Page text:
Weirdly hacked RadioCom intercom system

A wireless intercom system fell to me to evaluate, and to make sure it would be compatible with other systems in use around our community.  This one is a bit of a strange duck.  It looks basically like the other vintage-early-oughties Telex BTR-200 class systems that have crossed my bench, but this is definitely a later revision on the concept and has a couple of immediately noticeable features.

[These are low-res images, but each is linked to a higher-res copy.]

Radiocom TR-300 beltpacks w/ ISO option

The most obvious oddball thing is the white pushbutton switch, added to the beltpack in a decidedly homebrew sort of fashion, labeled "ISO".  A bit of digging around hints that it's for a mode called "wireless talk-around", where the wireless-system beltpack users can converse among themselves without the audio going out to a connected wired system.  It's not clear why this would be useful, but I suppose some venue operations wanted this functionality so it was evidently worthwhile enough to add.

TR-300 open, talk-around encoder board

Opening the beltpack reveals a small add-on board, kludged in with tape and hardwired to various circuit points around the unit.  The "ISO" switch contact brings battery-positive straight into this via the orange wire.

Other than that, the innards look like an up-rev design of the TR-200 pack with the exact same case around it.  For some reason the sex of the headset connectors is reversed, too.  There's no real point in that as it makes this system incompatible with most other intercom parts, and the exact same piece of plastic is used to mount the XLR4 connector so it's not like it's saving any internal real estate.

BTR-300 base with wireless talk-around add-on

A look inside the base station reveals the other end of the ISO hack, and it's fairly clear how it works after a little poking around.  This seems to be some kind of add-on kit, with a rather sketchy approach to mounting the parts.  It may be either a prototype for a higher-end system or an aftermarket kit with very limited distribution, but certainly not an official feature of this one.  That's a guess from reading this product catalog, which was originally grabbed from here.  The "talk around" feature is not mentioned anywhere for the BTR300.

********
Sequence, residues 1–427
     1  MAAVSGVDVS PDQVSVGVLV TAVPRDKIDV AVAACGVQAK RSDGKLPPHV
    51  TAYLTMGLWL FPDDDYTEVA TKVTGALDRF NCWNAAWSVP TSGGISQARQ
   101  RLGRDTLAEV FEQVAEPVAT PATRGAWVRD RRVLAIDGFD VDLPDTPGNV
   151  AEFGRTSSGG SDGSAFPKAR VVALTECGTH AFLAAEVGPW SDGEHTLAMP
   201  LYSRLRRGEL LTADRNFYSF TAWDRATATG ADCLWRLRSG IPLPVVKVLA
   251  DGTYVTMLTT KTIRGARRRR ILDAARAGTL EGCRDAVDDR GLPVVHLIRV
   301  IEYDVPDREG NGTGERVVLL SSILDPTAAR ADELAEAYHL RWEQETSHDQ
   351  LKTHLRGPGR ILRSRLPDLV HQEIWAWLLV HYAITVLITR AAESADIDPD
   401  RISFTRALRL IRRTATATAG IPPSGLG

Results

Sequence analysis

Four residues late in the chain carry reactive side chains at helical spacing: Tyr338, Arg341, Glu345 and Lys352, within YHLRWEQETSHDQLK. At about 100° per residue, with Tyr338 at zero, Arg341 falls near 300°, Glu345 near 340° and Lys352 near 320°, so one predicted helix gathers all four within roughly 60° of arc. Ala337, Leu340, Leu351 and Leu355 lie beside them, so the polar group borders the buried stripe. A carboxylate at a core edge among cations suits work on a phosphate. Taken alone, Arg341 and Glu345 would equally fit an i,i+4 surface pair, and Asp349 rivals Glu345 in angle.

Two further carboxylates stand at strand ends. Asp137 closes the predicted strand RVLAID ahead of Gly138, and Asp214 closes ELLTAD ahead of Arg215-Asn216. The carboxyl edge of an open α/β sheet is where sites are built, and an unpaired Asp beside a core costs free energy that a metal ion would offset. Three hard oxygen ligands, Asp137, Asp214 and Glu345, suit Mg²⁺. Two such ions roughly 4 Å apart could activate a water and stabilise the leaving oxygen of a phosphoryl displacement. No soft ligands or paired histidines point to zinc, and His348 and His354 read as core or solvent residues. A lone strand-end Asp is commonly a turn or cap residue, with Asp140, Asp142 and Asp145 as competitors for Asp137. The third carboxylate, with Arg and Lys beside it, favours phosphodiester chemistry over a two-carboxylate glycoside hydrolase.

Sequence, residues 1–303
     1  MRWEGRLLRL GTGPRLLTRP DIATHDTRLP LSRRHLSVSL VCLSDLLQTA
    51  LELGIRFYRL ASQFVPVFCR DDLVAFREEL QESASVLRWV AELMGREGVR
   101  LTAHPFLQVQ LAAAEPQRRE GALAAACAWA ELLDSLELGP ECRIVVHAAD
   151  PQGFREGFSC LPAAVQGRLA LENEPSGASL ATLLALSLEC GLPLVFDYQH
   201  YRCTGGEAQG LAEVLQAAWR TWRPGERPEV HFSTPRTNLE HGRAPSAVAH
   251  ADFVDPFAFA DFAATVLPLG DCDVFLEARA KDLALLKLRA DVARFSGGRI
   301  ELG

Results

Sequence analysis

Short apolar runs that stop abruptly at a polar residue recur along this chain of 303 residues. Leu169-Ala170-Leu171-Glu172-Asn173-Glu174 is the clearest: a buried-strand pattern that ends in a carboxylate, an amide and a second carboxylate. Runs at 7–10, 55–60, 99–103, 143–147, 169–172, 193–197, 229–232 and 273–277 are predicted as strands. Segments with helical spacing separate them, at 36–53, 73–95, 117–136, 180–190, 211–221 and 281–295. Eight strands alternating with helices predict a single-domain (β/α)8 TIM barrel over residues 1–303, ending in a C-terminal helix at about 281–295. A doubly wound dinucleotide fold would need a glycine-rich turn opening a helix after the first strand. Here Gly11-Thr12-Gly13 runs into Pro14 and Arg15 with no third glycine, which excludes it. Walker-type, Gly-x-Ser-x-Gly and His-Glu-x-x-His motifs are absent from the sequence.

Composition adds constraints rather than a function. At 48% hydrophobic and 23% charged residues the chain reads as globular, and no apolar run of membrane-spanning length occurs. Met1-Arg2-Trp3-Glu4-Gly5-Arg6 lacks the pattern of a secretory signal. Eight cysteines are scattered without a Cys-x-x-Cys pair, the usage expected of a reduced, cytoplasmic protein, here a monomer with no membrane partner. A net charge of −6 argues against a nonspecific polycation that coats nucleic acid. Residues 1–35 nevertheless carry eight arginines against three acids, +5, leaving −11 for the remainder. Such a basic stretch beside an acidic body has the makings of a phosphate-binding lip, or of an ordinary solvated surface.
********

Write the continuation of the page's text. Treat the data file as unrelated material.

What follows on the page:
And yet here it is, sort of, spliced in a somewhat brute-force fashion into this particular base station.  The little add-on boards, possibly a commercial product intended for some other application, appear to implement a CTCSS tone of about 90 Hz.  This gets superimposed on the talk audio from any beltpack channel that's using the ISO switch.  Per-channel audio is tapped off at the connector headers on the receive board and sent to the block of decoders, where the tone on a channel triggers an analog switch to redirect the audio away from being sent to the general intercom channel.  Instead, it is sent through its own little mixer [that little proto-board at the left] and piped directly into the transmit board so the rest of the headsets hear it.  The white wires from the decoder are logic inputs to the switch daughterboard which handles redirection of any given channel.  The switcher is brute-force wired into each channel's audio path by lifting resistors near the channel-enable pushbuttons and soldering to the connections, and the other add-on parts are simply *taped into* the box wherever there's convenient empty space.  The daughterboard has "Currycomm" in the circuit etch, for which there is no findable information on the net -- other than some unrelated marketing company that talks about "communications", but certainly not this type.

So the whole setup has a very one-off or few-off feel to it, and it's not even engineered very well.  The audio mixed via "ISO" mode is significantly louder than the normal path, which tends to lead to headset feedback in these systems -- maybe the designer thought that was a good idea to emphasize when the feature is being used, who knows.  When the stock base station itself has a switch to either engage or isolate from an external wired intercom bus anyway, I can't quite see the merit of creating a "separate channel" on the fly per a user's choice -- and if they did want to do that, the ISO button is momentary and would have to be held down for the entire duration of the "private" conversation.  What is so secret or inessential, that the rest of one's run crew shouldn't be hearing it??  And because the CTCSS decoders take a moment to sync up and assert the switch logic, beltpack audio *does* go to the main channel for an obvious quarter-second or so whenever an ISO is keyed -- letting everyone on the bus know that the wireless users are having their own conversation anyway.  If an important directive needs to go out and the wireless users are gabbing away loudly in their own little enclave, they might easily miss it.

There's a little discussion about wireless talk-around in this forum thread, where users at some venues seem to favor the feature but don't really explain why.  It doesn't really seem to be too common a thing, and almost certainly not needed for typical usage in our tech community.  With the stock audio paths disrupted through the switch board in a way that's rather involved to repair, the easiest way to disable the "feature" is to remove the four audio taps at the receive board and be done with it.  Leaving the beltpack switches installed would still send audio with the 90 Hz tone added to it, but it would just go via the normal path and sound about the same as using the normal talk switch.

_H*   181024